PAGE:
Anxiety disorders affects over 40 million people in America alone. They develop from a complex set of risk factors including, genetics, brain chemistry, personality and life events. Fortunately, anxiety disorders such as General Anxiety Disorder (GAD) and Social Anxiety Disorder (SAD) can be treated through Cognitive Behavioural Therapy. Whereas traditional forms of therapy such as Psychodynamic therapy focuses on delving into matters of the past and showcasing how they reflect on the client’s view of the present, Cognitive Behavioural Therapy or CBT, specialises in treating the symptoms of the problem and is therefore perfectly suited for these types of disorders. To take our CPRS Anxiety Test, click here.
Source: Anxiety & Depression Association of America
We all have ups and downs in our life and in most cases these subside over time but clinical depression is a mood disorder that causes distressing symptoms that affect how you feel, think and handle daily activities such as sleeping, eating or working. In order to be diagnosed with depression, symptoms have to be present every day for at least two weeks. Currently, 322 million people suffer from depression worldwide. Affective forms of treatment for depression are exercise (in cases of mild depression), psychotherapy (in cases of moderate depression) and even medication (in cases of deep depression). To take our CPRS Depression Test, click here.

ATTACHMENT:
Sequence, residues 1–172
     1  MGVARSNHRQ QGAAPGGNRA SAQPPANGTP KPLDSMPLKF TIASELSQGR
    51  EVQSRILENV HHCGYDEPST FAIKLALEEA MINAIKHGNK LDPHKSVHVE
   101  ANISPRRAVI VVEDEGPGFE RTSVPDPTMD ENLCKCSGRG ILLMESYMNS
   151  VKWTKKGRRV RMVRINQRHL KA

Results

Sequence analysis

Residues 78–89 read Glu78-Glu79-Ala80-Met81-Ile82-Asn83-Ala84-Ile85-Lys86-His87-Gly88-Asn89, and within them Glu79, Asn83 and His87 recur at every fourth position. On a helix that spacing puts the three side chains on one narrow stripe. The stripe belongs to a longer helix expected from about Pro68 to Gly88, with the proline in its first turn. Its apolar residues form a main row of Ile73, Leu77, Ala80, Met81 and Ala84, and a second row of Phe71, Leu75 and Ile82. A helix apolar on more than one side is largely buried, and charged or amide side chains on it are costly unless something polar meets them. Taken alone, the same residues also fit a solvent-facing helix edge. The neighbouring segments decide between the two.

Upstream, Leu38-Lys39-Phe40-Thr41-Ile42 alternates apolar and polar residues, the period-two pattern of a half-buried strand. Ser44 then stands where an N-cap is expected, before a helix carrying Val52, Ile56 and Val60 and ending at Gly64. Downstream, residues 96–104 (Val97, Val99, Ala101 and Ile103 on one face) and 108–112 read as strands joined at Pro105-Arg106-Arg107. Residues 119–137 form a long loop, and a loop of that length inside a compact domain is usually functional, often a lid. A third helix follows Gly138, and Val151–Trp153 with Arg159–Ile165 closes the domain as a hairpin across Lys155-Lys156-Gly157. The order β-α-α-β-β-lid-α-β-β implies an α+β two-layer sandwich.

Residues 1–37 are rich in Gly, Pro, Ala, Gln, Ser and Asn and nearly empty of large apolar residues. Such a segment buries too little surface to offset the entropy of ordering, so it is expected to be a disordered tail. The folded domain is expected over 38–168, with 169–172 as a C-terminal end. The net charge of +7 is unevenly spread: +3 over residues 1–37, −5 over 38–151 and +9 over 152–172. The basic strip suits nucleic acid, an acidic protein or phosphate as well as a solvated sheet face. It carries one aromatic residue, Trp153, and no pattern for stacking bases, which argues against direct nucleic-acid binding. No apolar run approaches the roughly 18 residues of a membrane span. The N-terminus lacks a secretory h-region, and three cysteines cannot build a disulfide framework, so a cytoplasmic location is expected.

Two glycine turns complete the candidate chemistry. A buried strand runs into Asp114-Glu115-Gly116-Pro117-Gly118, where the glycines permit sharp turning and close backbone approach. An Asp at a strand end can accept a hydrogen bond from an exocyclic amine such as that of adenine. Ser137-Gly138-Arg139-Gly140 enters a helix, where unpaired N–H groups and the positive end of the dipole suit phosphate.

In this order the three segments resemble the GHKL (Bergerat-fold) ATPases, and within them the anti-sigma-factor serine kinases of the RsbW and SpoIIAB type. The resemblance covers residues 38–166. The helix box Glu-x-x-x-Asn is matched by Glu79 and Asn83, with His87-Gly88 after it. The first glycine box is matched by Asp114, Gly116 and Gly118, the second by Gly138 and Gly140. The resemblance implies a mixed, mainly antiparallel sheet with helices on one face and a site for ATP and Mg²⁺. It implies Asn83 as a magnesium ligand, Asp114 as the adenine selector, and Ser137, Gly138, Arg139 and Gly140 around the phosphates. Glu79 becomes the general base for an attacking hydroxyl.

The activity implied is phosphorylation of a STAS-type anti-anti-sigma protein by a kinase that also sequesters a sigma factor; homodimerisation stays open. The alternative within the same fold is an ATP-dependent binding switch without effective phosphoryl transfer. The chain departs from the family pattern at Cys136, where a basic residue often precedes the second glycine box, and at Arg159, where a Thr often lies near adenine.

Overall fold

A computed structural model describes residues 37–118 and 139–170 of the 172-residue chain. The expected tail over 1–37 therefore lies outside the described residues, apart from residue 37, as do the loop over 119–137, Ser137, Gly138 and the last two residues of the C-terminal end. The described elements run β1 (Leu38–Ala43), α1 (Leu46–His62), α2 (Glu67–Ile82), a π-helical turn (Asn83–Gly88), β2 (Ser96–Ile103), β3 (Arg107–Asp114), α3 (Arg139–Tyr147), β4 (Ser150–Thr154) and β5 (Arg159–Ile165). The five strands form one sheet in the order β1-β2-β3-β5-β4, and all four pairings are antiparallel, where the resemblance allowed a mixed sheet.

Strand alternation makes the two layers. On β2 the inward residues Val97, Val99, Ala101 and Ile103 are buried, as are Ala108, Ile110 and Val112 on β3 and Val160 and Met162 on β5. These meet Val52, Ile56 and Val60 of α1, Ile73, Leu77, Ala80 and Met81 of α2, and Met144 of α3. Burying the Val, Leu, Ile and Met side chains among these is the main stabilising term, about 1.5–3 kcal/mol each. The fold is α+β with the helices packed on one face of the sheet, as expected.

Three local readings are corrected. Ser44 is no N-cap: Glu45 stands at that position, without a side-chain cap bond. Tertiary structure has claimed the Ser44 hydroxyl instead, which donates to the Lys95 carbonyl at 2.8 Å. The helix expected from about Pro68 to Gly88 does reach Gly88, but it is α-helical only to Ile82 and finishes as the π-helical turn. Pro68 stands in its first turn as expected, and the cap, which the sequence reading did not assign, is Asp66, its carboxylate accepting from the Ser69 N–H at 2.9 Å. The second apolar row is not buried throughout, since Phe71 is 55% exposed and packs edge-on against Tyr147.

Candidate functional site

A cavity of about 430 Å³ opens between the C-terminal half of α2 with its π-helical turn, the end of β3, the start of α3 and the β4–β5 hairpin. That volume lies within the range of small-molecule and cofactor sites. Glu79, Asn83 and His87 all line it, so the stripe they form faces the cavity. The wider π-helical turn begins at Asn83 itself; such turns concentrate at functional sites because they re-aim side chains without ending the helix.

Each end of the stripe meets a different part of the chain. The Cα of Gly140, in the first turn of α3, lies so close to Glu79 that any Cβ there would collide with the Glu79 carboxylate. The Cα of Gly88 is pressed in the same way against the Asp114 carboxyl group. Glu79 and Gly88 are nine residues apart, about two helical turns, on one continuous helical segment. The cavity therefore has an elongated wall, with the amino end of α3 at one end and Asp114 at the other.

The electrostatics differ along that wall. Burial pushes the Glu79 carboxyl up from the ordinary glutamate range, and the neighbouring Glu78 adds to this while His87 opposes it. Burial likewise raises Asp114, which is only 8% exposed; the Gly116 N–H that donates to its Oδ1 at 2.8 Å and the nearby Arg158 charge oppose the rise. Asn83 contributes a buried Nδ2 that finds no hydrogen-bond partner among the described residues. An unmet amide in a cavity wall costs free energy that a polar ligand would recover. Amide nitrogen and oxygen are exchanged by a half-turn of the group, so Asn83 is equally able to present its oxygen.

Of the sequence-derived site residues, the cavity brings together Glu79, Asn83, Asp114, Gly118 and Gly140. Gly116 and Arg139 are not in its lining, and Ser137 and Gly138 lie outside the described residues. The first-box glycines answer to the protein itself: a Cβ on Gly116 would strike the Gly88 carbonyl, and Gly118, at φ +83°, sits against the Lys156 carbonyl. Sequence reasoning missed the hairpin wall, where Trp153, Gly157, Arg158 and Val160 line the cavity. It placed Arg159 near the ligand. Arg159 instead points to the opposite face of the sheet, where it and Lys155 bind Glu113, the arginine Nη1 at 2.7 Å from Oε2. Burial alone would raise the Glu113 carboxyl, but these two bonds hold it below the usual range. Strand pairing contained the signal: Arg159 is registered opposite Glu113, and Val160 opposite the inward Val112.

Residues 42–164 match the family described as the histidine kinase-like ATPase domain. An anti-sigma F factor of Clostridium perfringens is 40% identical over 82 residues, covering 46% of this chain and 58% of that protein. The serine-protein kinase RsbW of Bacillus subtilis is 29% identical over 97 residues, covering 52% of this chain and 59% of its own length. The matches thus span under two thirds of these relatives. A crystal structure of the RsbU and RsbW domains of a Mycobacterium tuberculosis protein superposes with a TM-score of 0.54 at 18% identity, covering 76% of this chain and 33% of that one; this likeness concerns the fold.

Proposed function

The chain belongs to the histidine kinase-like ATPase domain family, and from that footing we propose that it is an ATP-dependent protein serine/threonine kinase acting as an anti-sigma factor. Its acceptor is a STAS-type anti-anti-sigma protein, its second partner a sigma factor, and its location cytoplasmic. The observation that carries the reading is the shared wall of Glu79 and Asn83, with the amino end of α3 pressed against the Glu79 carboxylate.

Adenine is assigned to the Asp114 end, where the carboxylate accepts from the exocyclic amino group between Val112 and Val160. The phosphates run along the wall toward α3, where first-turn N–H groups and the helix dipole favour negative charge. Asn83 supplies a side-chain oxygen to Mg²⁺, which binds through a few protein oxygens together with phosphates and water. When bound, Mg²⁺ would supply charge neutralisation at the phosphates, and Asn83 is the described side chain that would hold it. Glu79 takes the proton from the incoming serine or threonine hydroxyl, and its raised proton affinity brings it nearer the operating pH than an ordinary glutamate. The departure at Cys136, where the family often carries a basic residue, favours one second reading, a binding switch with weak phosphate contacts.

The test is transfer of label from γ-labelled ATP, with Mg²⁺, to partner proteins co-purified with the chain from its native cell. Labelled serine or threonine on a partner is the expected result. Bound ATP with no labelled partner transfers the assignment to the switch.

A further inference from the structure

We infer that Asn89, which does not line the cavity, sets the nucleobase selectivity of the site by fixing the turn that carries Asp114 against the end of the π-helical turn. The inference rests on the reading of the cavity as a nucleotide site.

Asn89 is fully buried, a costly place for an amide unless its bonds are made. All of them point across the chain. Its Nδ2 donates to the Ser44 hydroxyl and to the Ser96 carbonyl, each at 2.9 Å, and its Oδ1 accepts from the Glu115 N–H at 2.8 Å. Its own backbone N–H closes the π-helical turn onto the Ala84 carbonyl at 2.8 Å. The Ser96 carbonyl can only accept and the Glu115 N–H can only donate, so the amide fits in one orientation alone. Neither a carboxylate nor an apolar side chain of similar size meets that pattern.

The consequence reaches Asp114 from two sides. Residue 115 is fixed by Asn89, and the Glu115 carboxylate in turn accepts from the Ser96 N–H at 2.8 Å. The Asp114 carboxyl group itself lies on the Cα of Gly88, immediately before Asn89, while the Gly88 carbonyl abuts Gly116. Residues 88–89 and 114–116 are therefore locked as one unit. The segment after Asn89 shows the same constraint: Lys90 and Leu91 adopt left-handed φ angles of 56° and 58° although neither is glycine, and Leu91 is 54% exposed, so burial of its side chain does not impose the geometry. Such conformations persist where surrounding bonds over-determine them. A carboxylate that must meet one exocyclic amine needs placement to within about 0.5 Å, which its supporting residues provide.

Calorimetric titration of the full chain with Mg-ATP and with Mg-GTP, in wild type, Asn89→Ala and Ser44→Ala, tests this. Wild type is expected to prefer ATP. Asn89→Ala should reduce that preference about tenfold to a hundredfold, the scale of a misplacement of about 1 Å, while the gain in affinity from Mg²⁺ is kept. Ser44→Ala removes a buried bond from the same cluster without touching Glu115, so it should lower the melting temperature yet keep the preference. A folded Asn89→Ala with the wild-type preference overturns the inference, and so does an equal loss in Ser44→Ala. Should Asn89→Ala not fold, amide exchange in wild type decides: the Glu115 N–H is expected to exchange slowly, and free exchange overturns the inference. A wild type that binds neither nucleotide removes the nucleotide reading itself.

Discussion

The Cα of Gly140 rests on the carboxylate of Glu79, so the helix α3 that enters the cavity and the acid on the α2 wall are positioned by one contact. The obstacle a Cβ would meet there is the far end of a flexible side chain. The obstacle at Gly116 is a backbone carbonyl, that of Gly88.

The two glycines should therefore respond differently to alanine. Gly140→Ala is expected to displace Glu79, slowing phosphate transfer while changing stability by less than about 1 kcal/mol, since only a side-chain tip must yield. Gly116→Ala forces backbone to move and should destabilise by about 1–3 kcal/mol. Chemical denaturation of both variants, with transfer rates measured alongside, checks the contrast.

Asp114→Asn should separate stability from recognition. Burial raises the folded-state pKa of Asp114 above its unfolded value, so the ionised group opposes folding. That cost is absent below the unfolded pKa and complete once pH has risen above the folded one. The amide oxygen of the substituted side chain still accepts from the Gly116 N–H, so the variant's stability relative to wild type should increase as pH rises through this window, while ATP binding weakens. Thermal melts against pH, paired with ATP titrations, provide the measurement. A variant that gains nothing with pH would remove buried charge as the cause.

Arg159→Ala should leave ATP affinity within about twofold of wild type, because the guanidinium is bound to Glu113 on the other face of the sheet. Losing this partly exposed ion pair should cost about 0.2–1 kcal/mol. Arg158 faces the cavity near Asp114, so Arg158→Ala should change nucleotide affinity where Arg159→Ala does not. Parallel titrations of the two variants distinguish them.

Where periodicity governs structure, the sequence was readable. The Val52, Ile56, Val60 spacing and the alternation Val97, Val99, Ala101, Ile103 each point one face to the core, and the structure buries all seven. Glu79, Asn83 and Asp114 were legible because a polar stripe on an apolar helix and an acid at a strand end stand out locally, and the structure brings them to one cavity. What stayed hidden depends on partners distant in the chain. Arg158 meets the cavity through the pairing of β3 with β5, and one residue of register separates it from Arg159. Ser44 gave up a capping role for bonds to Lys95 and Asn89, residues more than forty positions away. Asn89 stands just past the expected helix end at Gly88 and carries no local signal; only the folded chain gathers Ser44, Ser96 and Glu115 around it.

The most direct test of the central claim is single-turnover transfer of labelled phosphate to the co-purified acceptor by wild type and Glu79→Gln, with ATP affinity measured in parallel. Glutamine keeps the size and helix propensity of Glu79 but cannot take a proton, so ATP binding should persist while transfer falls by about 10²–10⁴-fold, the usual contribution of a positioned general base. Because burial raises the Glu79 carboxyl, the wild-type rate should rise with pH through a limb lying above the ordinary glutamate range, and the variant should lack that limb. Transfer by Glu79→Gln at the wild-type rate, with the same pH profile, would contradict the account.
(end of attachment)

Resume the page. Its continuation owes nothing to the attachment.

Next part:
Third Culture Kids are people who have spent a considerable amount of their childhood living in a country different to the birth country of their parents. Examples of Third Culture Kids – or TCKs for short – include missionary kids or military brats as well as sons and daughters of people working with international finance or diplomacy. Third Culture Kids tend to suffer from anxiety related to feelings of displacement and rudderlessness. These feelings, although present in childhood as well, tend to blossom when the TCKs reach adulthood, at which time they are called Adult Third Culture Kids.
A Cross Culture Kid is someone who has lived in or is currently living in or has meaningfully interacted with two or more cultural environments for a specific amount of time during their first 18-years of life. Typical examples of Cross Culture Kids include international adoptees or bicultural children. A lot of Cross Culture Kids suffer from anxiety related to identity issues. The preferred treatment for such issues would be psychodynamic therapy as it examines how different drives (impulses and urges) can cause intrapsychic conflict within the patient. For most CCKs, their allegiance to both cultural backgrounds is the cause of their inner conflict.